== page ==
International flavor: Big Basket Market in North Amherst filling shelves with Indian, Arabic and Asian food
AMHERST — Akshaya Pawar found a package of turmeric on the first day of business for a new foreign grocery store in North Amherst’s Mill District, and she immediately made a fortune.
While looking at the packet containing full bits of turmeric, Pawar stated, “This was an unexpected find.” In order to use turmeric in Hindu religious rituals, she indicated that she might boil it in milk or water.
Pawar, who also purchased a box of almond cake rusks, expressed her delight at the opening of Big Basket Market and expressed gratitude that she wouldn’t have to travel far for Indian food in the future since it would be so nearby. She had been eagerly anticipating its opening for the previous month.
A family from Amherst, Sri Lanka, is currently running the store at 19 Montague Road, which is located in the Riverside Park shopping center and was formerly home to Captain Video before it closed in 2015.
Khaalid Rizwan characterizes the store’s offerings as “a little bit of everything” based on the previous year’s preparation. On Triangle Street’s Amherst Market, a more traditional convenience shop, his father Riswan Raufdeen also shares ownership.
Rizwan said the family achieved their aim of opening in the weeks prior to the start of the new school year, with hopes that COVID-19 is beginning to diminish and that an increasing number of international students are continuing to study at the University of Massachusetts.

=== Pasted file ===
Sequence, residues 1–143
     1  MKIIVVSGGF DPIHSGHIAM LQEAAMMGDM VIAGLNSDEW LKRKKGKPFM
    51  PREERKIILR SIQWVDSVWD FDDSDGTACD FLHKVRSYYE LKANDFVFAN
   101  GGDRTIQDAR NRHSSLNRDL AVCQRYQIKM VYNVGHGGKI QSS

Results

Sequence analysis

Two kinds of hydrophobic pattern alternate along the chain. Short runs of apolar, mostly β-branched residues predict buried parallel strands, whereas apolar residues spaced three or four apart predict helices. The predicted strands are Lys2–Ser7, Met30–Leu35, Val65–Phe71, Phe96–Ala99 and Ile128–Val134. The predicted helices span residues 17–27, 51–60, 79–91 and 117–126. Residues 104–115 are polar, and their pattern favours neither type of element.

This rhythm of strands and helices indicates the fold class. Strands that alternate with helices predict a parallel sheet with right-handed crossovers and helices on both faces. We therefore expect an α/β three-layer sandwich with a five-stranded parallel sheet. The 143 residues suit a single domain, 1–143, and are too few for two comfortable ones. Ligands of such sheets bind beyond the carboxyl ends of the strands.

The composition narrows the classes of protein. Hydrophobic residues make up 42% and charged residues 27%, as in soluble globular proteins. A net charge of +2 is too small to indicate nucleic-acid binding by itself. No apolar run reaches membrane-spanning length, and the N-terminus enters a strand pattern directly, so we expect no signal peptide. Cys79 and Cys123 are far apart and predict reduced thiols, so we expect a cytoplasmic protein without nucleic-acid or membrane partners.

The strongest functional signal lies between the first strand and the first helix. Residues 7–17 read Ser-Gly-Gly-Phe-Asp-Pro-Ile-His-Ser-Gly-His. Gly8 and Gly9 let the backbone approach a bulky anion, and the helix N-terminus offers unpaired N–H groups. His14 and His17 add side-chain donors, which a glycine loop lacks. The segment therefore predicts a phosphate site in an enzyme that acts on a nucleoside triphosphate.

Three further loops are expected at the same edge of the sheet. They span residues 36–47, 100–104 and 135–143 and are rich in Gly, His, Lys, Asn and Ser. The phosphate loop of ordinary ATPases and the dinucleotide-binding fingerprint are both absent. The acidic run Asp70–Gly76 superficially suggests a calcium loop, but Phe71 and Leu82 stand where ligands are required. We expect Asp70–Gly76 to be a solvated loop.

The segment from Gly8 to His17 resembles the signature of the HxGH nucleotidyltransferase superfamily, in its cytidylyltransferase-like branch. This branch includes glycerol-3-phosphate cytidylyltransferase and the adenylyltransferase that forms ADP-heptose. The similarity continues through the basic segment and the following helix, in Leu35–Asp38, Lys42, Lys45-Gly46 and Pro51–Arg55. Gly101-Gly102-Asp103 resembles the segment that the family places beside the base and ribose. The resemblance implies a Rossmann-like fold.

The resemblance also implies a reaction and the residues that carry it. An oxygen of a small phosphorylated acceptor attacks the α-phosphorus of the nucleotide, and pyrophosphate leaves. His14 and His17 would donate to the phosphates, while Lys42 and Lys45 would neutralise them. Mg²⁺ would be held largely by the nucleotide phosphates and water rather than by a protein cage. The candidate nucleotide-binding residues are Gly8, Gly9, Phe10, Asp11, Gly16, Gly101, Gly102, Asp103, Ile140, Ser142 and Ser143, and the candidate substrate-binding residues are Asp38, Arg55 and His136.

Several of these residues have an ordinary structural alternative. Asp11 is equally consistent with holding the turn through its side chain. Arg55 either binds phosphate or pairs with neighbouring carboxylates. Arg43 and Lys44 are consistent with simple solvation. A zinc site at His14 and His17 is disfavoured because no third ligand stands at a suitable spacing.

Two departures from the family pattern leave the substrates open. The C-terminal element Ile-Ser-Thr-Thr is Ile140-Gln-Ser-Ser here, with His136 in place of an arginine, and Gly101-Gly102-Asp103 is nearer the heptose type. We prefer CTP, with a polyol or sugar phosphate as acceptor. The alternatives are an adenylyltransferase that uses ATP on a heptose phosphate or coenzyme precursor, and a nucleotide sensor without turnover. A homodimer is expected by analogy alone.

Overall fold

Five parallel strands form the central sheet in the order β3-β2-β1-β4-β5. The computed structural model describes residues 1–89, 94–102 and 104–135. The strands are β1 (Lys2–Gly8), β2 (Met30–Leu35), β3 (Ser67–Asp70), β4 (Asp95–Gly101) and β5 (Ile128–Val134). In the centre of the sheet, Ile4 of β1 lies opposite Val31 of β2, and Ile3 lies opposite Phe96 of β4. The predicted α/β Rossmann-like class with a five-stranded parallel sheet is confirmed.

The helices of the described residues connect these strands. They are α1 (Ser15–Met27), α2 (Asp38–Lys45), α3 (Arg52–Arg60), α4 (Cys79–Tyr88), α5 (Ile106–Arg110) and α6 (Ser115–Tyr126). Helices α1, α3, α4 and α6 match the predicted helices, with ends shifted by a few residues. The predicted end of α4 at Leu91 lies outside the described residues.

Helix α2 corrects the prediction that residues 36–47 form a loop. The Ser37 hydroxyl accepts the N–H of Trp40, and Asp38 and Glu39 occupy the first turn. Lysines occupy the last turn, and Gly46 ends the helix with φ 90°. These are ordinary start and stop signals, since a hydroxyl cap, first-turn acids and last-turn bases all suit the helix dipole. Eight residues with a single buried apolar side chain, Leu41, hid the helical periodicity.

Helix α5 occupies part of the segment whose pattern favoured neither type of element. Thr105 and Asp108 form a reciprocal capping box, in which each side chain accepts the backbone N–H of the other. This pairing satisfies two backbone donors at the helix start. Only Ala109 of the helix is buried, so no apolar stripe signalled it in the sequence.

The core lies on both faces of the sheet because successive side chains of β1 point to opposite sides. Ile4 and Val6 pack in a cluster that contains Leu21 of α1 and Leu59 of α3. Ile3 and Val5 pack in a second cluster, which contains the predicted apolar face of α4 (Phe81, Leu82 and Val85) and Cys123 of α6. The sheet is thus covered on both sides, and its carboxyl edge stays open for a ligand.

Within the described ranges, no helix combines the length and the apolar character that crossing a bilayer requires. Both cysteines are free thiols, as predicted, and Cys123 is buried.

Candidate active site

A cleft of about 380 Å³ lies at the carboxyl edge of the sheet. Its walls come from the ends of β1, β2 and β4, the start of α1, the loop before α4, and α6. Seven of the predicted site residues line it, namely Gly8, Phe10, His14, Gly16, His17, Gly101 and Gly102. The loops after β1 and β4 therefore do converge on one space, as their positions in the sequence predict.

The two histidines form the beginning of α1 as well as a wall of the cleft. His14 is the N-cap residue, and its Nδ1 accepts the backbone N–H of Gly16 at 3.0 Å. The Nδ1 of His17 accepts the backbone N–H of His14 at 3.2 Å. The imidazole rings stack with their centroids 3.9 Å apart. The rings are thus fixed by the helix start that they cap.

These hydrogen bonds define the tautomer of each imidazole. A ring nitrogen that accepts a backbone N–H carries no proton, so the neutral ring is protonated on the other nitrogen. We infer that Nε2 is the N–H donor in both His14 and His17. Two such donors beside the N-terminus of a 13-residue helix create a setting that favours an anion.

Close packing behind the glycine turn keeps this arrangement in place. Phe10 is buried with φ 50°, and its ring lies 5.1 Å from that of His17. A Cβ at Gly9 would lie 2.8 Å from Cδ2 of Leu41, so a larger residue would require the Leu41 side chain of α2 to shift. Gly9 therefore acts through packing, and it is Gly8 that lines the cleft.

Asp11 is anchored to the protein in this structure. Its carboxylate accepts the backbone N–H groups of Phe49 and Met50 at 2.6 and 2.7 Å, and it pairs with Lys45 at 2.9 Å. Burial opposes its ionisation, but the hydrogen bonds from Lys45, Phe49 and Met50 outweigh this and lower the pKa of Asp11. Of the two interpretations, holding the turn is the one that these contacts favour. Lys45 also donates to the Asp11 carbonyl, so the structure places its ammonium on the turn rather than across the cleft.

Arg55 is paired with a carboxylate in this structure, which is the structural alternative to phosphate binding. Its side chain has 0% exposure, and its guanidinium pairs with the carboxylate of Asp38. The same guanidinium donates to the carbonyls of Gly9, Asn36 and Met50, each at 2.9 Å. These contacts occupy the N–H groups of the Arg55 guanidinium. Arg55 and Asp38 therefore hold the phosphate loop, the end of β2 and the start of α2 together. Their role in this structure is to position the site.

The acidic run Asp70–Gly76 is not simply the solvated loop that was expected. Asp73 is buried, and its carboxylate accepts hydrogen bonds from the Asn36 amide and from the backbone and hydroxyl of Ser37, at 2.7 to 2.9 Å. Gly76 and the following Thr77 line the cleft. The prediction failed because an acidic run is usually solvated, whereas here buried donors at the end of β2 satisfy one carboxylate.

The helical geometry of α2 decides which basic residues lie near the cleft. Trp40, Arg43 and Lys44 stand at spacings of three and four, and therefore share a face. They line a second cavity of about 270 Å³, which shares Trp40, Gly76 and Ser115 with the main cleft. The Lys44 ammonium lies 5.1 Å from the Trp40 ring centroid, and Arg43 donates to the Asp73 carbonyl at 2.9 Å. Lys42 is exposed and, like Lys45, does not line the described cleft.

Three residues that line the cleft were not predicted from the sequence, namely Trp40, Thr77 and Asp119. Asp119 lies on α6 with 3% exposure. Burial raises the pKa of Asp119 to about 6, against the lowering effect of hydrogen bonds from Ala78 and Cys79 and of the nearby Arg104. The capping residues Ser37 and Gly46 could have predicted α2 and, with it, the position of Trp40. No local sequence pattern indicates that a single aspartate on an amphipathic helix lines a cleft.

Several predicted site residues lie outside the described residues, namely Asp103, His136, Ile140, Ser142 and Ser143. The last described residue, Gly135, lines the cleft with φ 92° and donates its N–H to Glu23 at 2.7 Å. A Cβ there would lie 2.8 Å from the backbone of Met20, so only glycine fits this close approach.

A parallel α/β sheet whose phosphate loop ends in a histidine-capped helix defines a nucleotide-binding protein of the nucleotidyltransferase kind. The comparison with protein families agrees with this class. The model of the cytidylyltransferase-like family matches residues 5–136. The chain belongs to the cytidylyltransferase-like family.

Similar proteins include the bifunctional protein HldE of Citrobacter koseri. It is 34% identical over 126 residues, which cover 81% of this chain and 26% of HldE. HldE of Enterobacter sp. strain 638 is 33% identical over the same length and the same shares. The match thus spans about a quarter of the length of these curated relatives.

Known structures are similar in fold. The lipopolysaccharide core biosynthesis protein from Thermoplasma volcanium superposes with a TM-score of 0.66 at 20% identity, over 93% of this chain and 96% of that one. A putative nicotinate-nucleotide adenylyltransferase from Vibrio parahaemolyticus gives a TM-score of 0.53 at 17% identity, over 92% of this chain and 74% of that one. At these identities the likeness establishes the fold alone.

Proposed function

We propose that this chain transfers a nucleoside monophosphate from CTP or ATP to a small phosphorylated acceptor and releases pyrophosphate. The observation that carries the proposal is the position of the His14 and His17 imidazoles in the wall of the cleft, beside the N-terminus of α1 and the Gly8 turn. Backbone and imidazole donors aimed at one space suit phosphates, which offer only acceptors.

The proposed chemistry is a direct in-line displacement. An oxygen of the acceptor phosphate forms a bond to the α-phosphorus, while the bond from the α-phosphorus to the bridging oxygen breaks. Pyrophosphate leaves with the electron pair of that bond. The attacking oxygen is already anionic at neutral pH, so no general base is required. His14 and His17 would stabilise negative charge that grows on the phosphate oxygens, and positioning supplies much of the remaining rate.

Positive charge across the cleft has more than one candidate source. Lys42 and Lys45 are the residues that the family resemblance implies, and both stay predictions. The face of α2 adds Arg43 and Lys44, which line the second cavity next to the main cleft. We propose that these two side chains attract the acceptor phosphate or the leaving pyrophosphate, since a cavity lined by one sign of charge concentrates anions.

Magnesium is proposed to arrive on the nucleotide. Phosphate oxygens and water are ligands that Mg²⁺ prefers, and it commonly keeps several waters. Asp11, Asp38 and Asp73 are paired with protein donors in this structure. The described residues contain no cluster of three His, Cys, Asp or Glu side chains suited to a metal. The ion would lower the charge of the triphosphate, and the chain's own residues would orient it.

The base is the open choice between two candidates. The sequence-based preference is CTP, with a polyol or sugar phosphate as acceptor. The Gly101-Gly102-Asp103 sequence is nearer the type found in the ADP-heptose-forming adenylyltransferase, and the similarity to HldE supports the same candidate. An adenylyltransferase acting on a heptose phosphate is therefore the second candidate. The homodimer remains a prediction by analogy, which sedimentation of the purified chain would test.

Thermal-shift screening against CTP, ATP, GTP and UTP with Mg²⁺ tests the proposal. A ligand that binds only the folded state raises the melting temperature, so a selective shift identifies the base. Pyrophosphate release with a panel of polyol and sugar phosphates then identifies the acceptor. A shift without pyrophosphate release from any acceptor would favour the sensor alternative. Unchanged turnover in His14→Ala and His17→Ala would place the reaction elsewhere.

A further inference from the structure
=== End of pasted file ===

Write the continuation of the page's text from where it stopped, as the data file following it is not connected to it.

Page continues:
In addition to providing food from all over the world, we want to be a hub for international students, added Rizwan.
With spices, rice, noodles, and beans all being offered in bulk, there is also anticipation that Big Basket Market, through its connections with vendors, will have a wider variety of products and lower pricing than its customers may be used to.
Since they are still in school, Rizwan remarked, “for college students we want to offer a good price.” The store’s main sign provides more information about what is available inside, saying that it sells food that has received the Halal certification as well as Indian, Arabic, and Asian cuisines, as well as all kinds of international supplies.
Many of the goodies, such as Khari cookies, sweet Arabic dates, and a pani puri kit for making fully puffed puris with chutney and pani puri concentration, according to Rizwan, may not be available locally.
Customers started perusing the store’s shelves and freezers shortly after it opened at 8 a.m., even though they are still empty. However, the family will consider the advice. One customer asked Rizwan about a particular product, and he said, “Let us know what you need and we’ll purchase it for you.
The shelves of one aisle are currently predominately stocked with Indian foods, such as spices, instant mixes, curry powder, masala, and turmeric powder, while the shelves of another aisle are primarily South Korean foods, such as tea powder, Korean barbecue sauce short rib, seaweed, spicy noodles, soy sauce, chili oil with soybean, and shahe dried rice noodle.
Along with typical American snacks and pastries, macaroni and cheese boxes, jars of peanut butter, and refrigerators stocked with beverages and freezers stocked with prepackaged goods, the store also sells jars of peanut butter and jelly. Shampoos and soaps can be found on additional shelves.
On all other days excluding Sundays, when it closes at 8 p.m., Big Basket Market will be open until 9:30 p.m. and will also provide home deliveries.
Cinda Jones, president of W.D. Cowls, who is in charge of the Mill District’s business operations, explained that embracing the global marketplace is a part of the idea of curating a variety of retail establishments for the area, which is home to both substantial apartment buildings and single-family homes.